Articles Tagged with: hair loss prevention
Hair Loss Prevention Plan: Vitamin D

Hair Loss Prevention Plan: Vitamin D

Hair Loss Prevention Plan: Vitamin DNot all hair loss prevention steps involve professional intervention or medication. There are plenty of lifestyle and diet changes which can help strengthen your hair follicles, encourage hair growth, reduce the likelihood of shedding. If you are trying to maximize your chances of maintaining your existing hair and minimizing additional loss, then the letter “D” needs to become a more significant part of your daily vocabulary. Specifically, Vitamin D. This essential nutrient plays a crucial role in the in the strength and growth of hair. Conversely, an insufficient supply of vitamin D has been linked to alopecia, also known as spot baldness.

Vitamin D and Hair Loss

Vitamin D is an impressive multitasker when it comes to our overall health. It bolsters our immune system, preserves the strength of our bones, and keeps illness at bay. Some research suggests that low vitamin D levels can contribute to depression, heart disease, and cancer.

Research has also found a connection between vitamin D and the promotion of healthy hair follicles and hair growth. A 2014 study published in Molecular Endocrinology found that hair regrew in mice two weeks after introducing vitamin D receptors, while other studies have suggested that a lack of sufficient vitamin D intake may lead directly to hair loss.

How to Up Your Vitamin D Intake

You don’t need to look far for a source of vitamin D; you just have to look up. The sun is our primary source of vitamin D, which is why it is sometimes referred to as the “sunshine vitamin.” But there also plenty of foods rich in the nutrient, such as fish, fish liver oil, dairy, and eggs.  Supplements can also be an excellent way to increase your vitamin D levels.

While vitamin D isn’t a “cure” for baldness, healthy levels of vitamin D can strengthen your hair and reduce the chances of hair loss. If you are considering increasing your vitamin D intake substantially, you should consult with your doctor before making any significant changes to your diet. Excessively elevated vitamin D levels can create health problems, such as calcium accumulation in the blood which may cause weakness or problems with the kidneys.

Schedule an Appointment for a Hair Loss Evaluation Today

Of course, changes in diet alone may not stop your hair from falling out or restore your hair to the fullness it once had. At the Hair Transplant Institute of Miami, our skilled physicians diagnose and treat hair loss cases that you can’t reverse on your own. Through advanced hair restoration surgery techniques and alternative non-invasive treatments, we can help you address your hair loss issues and improve your appearance and self-confidence.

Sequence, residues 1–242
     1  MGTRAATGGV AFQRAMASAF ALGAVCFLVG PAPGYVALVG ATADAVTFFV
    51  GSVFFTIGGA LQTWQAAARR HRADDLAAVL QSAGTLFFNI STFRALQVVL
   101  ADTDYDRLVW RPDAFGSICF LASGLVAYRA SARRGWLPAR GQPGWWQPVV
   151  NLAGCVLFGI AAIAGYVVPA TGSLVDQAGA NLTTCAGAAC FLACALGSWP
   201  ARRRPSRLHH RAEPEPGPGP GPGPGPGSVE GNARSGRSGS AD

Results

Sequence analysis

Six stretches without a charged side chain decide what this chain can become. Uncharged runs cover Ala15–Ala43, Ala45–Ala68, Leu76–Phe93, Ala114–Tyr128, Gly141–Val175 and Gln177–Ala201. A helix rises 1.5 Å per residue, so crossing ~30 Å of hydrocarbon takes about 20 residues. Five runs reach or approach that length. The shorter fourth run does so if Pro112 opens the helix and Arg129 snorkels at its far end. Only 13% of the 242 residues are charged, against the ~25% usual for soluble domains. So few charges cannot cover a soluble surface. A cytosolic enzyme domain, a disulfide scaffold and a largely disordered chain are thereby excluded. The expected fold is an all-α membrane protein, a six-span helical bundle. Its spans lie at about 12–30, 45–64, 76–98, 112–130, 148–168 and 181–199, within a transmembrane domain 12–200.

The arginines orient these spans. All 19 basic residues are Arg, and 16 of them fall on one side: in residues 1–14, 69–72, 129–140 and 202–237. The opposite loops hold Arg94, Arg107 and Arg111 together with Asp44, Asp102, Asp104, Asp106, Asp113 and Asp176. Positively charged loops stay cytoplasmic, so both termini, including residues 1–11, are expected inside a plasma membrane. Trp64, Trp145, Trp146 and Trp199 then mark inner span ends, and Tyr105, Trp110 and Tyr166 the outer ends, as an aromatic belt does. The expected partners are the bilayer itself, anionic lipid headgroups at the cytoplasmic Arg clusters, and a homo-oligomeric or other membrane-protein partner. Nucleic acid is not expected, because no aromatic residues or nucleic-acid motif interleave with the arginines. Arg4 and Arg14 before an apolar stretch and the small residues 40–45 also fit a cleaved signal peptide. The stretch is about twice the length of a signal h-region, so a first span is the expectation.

To receive a personalized hair loss evaluation and treatment plan, contact us online or call our office directly at 305-925-0222.

Capillus Laser Cap

Hair Loss Prevention Plan: Low-Level Laser Therapy (LLLT)

Capillus Laser CapNot every hair restoration journey or hair loss prevention plan will involve transplant surgery. While hair transplants are indeed a popular, safe, and effective way to restore hair to a fuller, more youthful appearance, it is not the only option for those battling hair loss. In recent posts, we’ve discussed some of the medications which hundreds of thousands of people use every year to prevent further hair loss or even grow new hair. But medication is not the only alternative to surgery. At the Hair Transplant Institute of Miami, we offer patients a safe, effective, non-surgical treatment that involves the use of specialized energy and light to stimulate hair growth.

What is Low-Level Laser Therapy?

Low-level laser therapy, also called LLLT, nourishes hair follicles by sending pulses of energy into inactive follicles. These pulses “spark” those dormant follicles back into a regrowth phase by kickstarting proper circulation and cellular respiration.

The hair-stimulating energy is delivered to the scalp through the use of specialized comb, caps, or domes. All three of these delivery systems are effective and non-invasive, but one of them offers superior ease and convenience.

Laser domes are professional pieces of equipment, so a visit to the doctor is required to receive such treatment. While laser combs can be used at home, the application and use of the comb can be cumbersome and time-consuming.

Laser caps, however, could not be easier to use. They are portable, hands-free, and they work.

The Hair Transplant Institute of Miami offers the Capillus272 laser cap, a device cleared by the FDA for the treatment of androgenetic alopecia. Capillus272 caps have 272 professional-strength lasers to make it the most useful at-home device for thinning hair.

The Capillus272 cap can be worn anywhere without disrupting your routine. Better still, it won’t disrupt your appearance: the battery-operated laser insert can fit discreetly inside your favorite hat or baseball cap. While you are living your life, the lasers will be hard at work under your cap, strengthening your follicles and improving the quality of your hair.

Stand-alone Treatment or In Conjunction With Transplant Surgery or Medication

LLLT can be effective by itself, but it is also often used as a complement to transplant surgery or alongside medication such as Rogaine or Propecia. After a hair transplant, LLLT helps bring blood, oxygen, and nutrients to balding areas, enhancing the effects of the surgery. Even in the most successful hair transplants, however, there can still be some stubborn and uncooperative follicles which resist regrowth. LLLT can get those reluctant follicles in gear and stimulate their growth.